Assessment of Armenia’s Public Debt Level

The effective management of public debt is vital for every country. It is a well-known fact that economy develops in accordance with certain rules which, in general, leads to cyclical development.

The main purpose of the analysis is to examine and estimate the dimension of public debt of Armenia at the same time illustrating recently recorded progress of external debt, give a qualitative assessment according to potentiality and severity of the debt burden.
Modern economic theory includes the following cycles according to periods:

  • Kitchen cycles: 3-4 years,
  • Business cycles: 7-11 years,
  • Kondratiev cycles: 45-60 y

Generally, every cycle has four stages, during which the role of the country, as an economic facilitator, is necessarily different. It is conditioned by the circumstance that economic problems do not have the same nature during different stages of the economic cycle. If in the growth period the main problem is the possible inflation as well as the huge money supply in the economy, the downturn stage is contrasted by the increase of demand for money in the economy, high unemployment and decline of production. This means that a “Financial incentive” for money market is necessary to activate the economy which in its turn enhances the economic situation planting further growth prerequisites.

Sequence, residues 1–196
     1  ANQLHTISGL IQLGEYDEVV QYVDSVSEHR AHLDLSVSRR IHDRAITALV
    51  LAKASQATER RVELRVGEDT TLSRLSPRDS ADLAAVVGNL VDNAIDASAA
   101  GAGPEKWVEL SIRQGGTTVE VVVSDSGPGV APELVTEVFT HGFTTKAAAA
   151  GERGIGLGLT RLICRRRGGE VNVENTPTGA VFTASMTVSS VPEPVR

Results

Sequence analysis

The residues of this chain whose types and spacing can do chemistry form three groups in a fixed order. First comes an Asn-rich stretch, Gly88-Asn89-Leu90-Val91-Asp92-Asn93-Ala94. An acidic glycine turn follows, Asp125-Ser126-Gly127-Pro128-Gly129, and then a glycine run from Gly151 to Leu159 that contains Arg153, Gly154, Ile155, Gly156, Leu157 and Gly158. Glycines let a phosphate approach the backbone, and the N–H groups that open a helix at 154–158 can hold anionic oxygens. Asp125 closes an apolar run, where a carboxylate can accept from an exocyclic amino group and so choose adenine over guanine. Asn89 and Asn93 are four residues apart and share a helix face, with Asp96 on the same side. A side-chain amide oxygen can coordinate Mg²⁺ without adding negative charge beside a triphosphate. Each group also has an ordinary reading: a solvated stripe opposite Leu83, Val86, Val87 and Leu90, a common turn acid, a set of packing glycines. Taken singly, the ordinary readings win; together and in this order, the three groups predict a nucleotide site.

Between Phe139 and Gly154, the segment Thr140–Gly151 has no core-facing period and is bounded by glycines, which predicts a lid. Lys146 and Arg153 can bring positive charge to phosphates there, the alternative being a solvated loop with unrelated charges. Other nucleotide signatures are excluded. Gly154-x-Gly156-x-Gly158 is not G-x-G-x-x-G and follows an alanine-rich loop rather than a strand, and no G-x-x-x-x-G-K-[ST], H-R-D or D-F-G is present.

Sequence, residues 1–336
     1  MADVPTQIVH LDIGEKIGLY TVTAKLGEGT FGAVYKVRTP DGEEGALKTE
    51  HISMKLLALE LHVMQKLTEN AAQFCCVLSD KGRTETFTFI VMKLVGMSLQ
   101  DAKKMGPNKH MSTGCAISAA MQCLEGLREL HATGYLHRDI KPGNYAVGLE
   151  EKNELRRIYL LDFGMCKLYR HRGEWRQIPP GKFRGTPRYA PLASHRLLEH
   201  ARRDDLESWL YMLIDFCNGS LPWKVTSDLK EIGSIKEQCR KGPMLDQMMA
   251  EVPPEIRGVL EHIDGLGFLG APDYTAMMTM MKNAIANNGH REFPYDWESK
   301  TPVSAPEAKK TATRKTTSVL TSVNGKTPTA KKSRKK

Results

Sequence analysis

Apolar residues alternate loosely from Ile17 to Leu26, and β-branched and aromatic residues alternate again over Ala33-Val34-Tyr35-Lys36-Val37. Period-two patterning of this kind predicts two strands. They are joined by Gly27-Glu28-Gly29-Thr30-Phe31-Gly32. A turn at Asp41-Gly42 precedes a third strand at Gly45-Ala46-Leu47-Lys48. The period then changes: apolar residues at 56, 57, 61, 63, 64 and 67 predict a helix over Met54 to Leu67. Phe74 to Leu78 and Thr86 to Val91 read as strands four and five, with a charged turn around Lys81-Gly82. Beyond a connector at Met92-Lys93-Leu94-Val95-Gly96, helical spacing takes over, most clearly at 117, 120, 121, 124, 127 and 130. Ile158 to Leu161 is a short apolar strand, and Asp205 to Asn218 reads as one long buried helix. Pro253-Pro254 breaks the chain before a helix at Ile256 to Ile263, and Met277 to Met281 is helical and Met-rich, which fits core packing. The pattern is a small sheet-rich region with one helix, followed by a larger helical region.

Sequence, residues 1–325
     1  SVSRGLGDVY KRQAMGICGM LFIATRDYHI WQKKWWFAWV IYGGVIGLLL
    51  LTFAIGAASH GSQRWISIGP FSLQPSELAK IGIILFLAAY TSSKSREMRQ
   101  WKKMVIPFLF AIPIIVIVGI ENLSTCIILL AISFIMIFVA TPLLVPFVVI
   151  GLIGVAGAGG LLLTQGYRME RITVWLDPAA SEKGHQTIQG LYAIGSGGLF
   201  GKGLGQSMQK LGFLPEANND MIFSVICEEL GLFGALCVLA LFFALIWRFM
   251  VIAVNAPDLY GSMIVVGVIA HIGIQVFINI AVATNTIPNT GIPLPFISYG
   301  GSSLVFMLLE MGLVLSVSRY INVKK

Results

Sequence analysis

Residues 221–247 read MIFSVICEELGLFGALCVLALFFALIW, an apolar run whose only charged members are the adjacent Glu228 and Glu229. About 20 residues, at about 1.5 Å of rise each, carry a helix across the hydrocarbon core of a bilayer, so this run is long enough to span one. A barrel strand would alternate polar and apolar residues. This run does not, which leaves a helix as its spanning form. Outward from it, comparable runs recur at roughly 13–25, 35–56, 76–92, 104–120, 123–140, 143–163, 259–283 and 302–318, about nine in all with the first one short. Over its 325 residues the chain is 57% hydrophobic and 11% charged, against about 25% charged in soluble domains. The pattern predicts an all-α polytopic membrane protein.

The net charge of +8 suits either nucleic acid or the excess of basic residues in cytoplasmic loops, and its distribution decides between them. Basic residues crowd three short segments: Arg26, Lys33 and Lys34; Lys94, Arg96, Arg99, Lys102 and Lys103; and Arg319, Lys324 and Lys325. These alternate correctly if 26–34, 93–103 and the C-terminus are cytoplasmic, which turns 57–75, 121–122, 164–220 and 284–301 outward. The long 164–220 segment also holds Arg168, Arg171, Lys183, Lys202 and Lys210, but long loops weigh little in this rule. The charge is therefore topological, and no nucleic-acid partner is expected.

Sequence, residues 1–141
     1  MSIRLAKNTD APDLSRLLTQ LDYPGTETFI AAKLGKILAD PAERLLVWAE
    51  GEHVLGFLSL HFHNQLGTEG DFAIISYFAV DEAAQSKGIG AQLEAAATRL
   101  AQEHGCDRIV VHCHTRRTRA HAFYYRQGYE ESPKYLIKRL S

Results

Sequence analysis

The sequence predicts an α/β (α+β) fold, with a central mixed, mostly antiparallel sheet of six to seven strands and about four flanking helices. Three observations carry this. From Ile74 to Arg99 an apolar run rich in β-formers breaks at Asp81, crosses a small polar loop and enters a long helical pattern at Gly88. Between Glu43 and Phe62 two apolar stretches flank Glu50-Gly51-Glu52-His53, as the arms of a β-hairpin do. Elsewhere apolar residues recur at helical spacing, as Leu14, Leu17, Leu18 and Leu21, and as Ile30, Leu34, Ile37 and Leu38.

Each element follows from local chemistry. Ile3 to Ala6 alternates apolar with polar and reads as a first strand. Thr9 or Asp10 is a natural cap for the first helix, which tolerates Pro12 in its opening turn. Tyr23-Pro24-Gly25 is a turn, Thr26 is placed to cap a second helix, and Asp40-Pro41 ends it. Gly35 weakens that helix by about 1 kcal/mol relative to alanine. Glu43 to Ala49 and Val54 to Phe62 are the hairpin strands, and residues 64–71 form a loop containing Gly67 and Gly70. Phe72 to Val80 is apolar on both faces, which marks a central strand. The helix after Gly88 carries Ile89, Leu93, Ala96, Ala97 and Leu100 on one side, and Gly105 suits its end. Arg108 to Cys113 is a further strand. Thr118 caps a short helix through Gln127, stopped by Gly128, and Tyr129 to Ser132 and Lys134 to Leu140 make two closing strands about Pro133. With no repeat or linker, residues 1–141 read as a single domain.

The importance of public debt

In the aforementioned process of the economic buoyancy, it is not possible to overestimate the role of the public debt as it is practically impossible to stabilize the economy without the intervention related to the expenses of the state budget. In fact, the governments of the countries, regardless of their political stances and considerations, need to increase the public debt during the period of economic downturn to meet the demand for financial resources necessary for the economy, and, during the growth period, due to the appropriate tax policy to repay all the existing obligations.

Notwithstanding theoretical provisions, many countries in the world fail this model and not only fail to allocate sufficient resources during a single stage but also promote to the gradual accumulations of obligations which lead to bankruptcy, default (state budget financing does not suffice for debt service).  But what is that threshold, how and who controls it? In order to answer these questions it is necessary to define the concepts of absolute and relative sizes of public debt.